Google clings to cash
Google chief financial officer Patrick Pichette said the company plans to hang on to its steadily growing stash of cash to pay for potential acquisitions and other investments that could boost the Internet search leader’s profits.
Pichette, in response to a question Thursday at a Morgan Stanley technology conference, said Google is holding its now $48 billion stash so it will have plenty of cash to “pounce” on acquisition opportunities.
He didn’t identify potential targets.
The White House said President Barack Obama intends to designate Edith Ramirez to be chairwoman of the Federal Trade Commission, the watchdog agency charged with protecting consumers from anti-competitive or deceptive business practices. Ramirez has been an FTC commissioner since 2010.
She will replace Jon Leibowitz, a Democrat who announced his resignation in February after four years at the helm of the commission.
Ramirez will be one of two Democrats on the commission until Obama names a replacement for Leibowitz on the five-member panel.
• The digital business is weighing on Barnes & Noble, the largest traditional U.S. bookseller. The company posted a loss in the third quarter, hurt by weak sales during the important holiday quarter for its Nook e-book readers as well as at its bookstores. Nook revenue fell 26 percent, and the company has begun cutting costs at the unit because of the sharp decline. In the quarter ending Jan. 26, the company posted a loss of $6.1 million, or 18 cents a share. In the same period the year before, the company posted a profit of $52 million, or 71 cents a share. Revenue fell 9 percent to $2.22 billion.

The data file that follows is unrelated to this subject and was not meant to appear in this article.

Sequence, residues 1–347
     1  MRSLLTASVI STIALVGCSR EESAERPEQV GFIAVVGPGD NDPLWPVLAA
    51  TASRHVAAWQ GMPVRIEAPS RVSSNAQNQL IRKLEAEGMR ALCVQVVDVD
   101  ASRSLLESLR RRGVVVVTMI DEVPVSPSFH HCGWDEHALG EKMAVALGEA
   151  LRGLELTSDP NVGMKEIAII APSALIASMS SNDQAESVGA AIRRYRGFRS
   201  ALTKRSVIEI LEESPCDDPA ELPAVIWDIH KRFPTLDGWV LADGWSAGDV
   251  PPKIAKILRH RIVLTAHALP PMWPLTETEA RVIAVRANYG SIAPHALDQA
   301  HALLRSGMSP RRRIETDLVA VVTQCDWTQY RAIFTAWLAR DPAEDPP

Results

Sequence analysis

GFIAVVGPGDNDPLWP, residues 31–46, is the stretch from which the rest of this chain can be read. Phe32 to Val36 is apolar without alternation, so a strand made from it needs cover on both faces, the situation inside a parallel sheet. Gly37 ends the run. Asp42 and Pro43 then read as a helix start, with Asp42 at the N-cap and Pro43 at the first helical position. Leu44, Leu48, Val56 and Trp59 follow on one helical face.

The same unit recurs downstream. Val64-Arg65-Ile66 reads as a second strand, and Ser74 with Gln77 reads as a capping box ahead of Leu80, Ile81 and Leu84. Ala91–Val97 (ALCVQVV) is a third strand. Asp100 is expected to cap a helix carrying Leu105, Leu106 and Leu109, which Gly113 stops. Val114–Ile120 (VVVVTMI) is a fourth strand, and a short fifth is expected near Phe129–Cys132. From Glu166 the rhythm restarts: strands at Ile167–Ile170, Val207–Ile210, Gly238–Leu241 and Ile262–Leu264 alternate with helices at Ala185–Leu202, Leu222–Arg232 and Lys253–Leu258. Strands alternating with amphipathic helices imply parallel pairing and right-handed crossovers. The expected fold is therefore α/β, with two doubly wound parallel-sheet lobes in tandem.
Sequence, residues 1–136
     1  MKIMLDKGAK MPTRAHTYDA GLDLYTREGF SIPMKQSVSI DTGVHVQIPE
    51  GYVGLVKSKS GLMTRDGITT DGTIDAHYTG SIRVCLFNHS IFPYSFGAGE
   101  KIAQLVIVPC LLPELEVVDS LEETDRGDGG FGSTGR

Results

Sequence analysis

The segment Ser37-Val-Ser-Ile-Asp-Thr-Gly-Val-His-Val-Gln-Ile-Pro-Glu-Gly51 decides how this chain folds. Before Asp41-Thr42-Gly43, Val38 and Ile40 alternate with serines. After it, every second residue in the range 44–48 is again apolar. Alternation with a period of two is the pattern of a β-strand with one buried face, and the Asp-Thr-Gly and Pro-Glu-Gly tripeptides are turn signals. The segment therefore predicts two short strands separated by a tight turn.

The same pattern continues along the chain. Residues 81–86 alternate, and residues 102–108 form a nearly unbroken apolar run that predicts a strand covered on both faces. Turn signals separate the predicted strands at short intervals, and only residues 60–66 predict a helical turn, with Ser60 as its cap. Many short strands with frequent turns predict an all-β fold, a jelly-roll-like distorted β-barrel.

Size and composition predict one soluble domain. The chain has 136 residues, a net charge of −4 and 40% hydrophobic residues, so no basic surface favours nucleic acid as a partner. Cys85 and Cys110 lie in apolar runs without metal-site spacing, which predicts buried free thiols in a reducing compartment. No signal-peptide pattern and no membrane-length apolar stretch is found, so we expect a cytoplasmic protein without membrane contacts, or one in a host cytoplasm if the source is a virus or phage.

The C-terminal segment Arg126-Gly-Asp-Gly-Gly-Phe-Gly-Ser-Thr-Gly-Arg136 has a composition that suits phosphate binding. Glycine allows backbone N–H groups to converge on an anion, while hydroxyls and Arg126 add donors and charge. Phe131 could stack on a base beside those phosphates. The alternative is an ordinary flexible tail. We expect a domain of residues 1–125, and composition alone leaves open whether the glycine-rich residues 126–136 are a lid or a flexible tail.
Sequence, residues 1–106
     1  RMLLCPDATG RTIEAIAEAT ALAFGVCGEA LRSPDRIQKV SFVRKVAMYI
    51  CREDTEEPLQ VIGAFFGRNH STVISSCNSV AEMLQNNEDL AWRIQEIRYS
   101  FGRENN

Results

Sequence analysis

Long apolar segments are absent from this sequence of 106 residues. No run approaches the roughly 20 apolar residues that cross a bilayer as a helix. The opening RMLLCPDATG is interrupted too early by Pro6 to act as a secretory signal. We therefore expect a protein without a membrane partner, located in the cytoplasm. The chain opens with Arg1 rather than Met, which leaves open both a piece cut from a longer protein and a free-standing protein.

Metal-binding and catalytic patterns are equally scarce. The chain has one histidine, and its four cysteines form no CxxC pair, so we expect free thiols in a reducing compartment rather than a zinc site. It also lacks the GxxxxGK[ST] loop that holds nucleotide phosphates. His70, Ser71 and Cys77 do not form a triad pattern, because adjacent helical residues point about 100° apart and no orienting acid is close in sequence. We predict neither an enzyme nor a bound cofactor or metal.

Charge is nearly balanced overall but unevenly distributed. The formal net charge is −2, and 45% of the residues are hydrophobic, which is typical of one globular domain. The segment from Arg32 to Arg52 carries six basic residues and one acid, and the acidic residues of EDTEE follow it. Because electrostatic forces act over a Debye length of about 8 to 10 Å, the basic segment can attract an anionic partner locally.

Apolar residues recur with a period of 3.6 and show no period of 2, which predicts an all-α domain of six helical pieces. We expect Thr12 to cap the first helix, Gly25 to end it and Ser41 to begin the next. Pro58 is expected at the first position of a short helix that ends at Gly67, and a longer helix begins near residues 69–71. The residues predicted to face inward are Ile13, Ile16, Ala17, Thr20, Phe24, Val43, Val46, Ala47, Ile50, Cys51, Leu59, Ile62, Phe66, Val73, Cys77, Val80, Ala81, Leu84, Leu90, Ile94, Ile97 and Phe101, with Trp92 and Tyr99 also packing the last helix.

• Gap reported a 61 percent increase in profits for the fourth quarter. The company earned $351 million, or 73 cents a share, in the quarter ending Feb. 2. Revenue rose 10 percent to $4.73 billion.
• Sears posted a smaller loss in the fourth quarter as it reduced its inventory and expenses while sales at its namesake stores rose slightly. The company, which also owns the Kmart store chain, lost $489 million, or $4.61 a share, for the period ending Feb. 2. That compares with a loss of $2.4 billion, or $22.63 a share, a year earlier. Revenue fell 2 percent to $12.26 billion. A good part of the drag on revenue was softness in consumer electronics.
• Wendy’s said its fourth-quarter net income grew more than sixfold partly because of a larger tax benefit. For the period ending Dec. 30, Wendy’s earned $26.4 million, or 7 cents a share, up sharply from $4 million, or 1 cent a share, a year earlier. Revenue increased 2 percent to $629.9 million.
| Star news services